Topical corticosteroids can be prescribed in different strengths. This depends on the severity of your eczema and the areas of skin affected.

They can be:

  • very mild (such as hydrocortisone)
  • moderate (such as clobetasone butyrate)
  • even stronger (such as mometasone)

If you need to use corticosteroids frequently, talk to your GP. They can check the treatment is working and you’re using the right amount.

How to use topical corticosteroids

Don’t be afraid to apply the treatment to affected areas to control your eczema.

Follow the directions on the patient information leaflet that comes with your medication. This will give details of how much to apply.

Most people only have to apply it once a day as there’s no evidence there’s any benefit to applying it more often.

When using a topical corticosteroid:

  • apply your emollient first and wait 30 minutes until the emollient has soaked into your skin. You might also prefer to apply the corticosteroid at a different time of day (such as at night)
  • apply the recommended amount of the topical corticosteroid to the affected area
  • continue to use it until 48 hours after the flare-up has cleared so the inflammation under the skin surface is treated

Side effects

Topical corticosteroids may cause a mild stinging sensation for less than a minute as you apply them.

In rare cases, they may also cause:

  • thinning of the skin – if the strong steroids are used in the wrong places, such as the face, for several weeks
  • changes in skin colour – usually, skin lightening after many months of using very strong steroids. Most lightening after eczema is a “footprint” of old inflammation and nothing to do with treatments
  • acne (spots) – especially when used on the face in teenagers
  • increased hair growth

Most of these side effects will improve once treatment stops.

Your risk of side effects may be increased if you use a strong topical corticosteroid:

  • for many months
  • in sensitive areas such as the face, armpits or groin
  • in large amounts

Your GP should prescribe the weakest effective treatment to control your symptoms.


Antihistamines are a type of medicine that block the effects of a substance in the blood called histamine.

They can help relieve the itching associated with eczema.

They can either be sedating, which cause drowsiness, or non-sedating.

If you have severe itching, you may try a non-sedating antihistamine.

If itching during a flare-up affects your sleep, talk yo your pharmacist or GP about taking a sedating antihistamine.

Sedating antihistamines can cause drowsiness into the next day. It may be helpful to let your child’s school know they may not be as alert as normal.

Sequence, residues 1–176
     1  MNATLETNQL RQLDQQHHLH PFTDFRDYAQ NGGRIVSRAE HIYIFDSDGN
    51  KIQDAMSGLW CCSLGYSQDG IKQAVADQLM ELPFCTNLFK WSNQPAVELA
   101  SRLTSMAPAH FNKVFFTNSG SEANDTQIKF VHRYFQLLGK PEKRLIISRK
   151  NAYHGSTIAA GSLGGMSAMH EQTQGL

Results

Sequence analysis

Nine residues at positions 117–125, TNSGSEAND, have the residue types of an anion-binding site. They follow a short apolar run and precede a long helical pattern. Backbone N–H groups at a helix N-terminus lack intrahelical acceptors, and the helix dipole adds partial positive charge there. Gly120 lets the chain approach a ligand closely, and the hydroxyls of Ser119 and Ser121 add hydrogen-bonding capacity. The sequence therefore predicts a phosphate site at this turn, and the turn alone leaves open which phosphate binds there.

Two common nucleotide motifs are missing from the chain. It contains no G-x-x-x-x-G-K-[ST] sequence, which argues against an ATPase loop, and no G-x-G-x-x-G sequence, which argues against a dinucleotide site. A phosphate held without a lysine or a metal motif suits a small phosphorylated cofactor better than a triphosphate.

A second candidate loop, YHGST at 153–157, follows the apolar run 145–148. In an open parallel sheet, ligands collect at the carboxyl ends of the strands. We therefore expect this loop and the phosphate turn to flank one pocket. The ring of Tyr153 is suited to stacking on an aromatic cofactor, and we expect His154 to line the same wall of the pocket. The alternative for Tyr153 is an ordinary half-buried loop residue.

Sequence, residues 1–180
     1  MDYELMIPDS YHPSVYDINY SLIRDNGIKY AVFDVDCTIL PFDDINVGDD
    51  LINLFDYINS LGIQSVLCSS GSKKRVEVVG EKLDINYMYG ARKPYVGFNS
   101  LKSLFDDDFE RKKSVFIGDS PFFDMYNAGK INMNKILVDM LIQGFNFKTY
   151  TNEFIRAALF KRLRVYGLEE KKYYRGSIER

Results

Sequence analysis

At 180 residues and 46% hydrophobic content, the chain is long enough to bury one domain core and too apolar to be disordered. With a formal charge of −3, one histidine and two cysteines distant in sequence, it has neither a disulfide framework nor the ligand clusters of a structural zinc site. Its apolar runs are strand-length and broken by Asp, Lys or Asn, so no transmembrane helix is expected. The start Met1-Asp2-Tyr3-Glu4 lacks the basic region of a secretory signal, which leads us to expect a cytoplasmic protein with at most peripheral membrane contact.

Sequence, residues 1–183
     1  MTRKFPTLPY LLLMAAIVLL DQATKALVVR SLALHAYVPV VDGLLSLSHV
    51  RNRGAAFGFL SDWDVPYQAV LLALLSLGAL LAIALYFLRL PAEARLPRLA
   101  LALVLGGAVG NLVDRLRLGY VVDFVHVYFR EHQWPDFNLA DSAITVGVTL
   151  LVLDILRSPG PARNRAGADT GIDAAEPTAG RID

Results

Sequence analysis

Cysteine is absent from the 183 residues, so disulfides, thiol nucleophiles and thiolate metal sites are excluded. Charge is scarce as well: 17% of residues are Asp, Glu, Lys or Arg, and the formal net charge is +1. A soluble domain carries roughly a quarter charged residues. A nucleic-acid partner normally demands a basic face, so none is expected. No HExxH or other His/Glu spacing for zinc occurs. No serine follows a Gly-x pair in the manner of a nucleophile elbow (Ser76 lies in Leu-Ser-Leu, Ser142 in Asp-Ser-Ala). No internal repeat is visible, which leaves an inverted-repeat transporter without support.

Bandages and wet wraps

In some cases, your GP may prescribe special medicated bandages, clothing or wet wraps to wear over areas of skin affected by eczema.  Even wearing a tubigrip over the skin after applying your emollient overnight may prove very beneficial.

These can be used either over emollients or with topical corticosteroids to prevent scratching. They allow the skin underneath to heal, and stop the skin drying out.

Steps to ‘Soak and Seal’

1.Fill bath with warm water and soak for 5 to 10 minutes

  1. After bathing, pat the skin lightly with a towel, leaving it slightly damp
  2. Apply prescription topical medication to the eczema-affected areas of skin as directed

4.Within three minutes, liberally apply a moisturizer all over the body

  1. Wait a few minutes to let the moisturizer absorb into the skin before dressing or applying wet wraps


-DO NOT use excessively hot or cold water

-DO NOT scrub the skin with a loofah or rough washcloth

-DO NOT wait longer than 3 minutes after bathing to apply moisturizer

-DO avoid using soap, harsh bubble baths or perfumed bath washes

-DO Soak and Seal several times a week or as your schedule


Wearing cotton may improve symptoms for some patients

Keeping your bedroom cool at night and using only a light bed sheet may be beneficial

Careful selection of washing powders and detergents may be helpful

Some foods may trigger flare ups so keeping a food diary may be helpful to identify these.

Moderate exposure to sunlight may allieviate symptoms of eczema, however may not benefit everyone as heat and sweat are also common flare up triggers.  If exposing the skin to sunlight, always practice safe exposure.  Start by limiting the exposure to 5 minutes per day and see how the skin reacts.  Avoid the sun between 11am and 3pm, and use a high SPF sunscreen.  I recommend Avene SFP50 or Elave SPF50.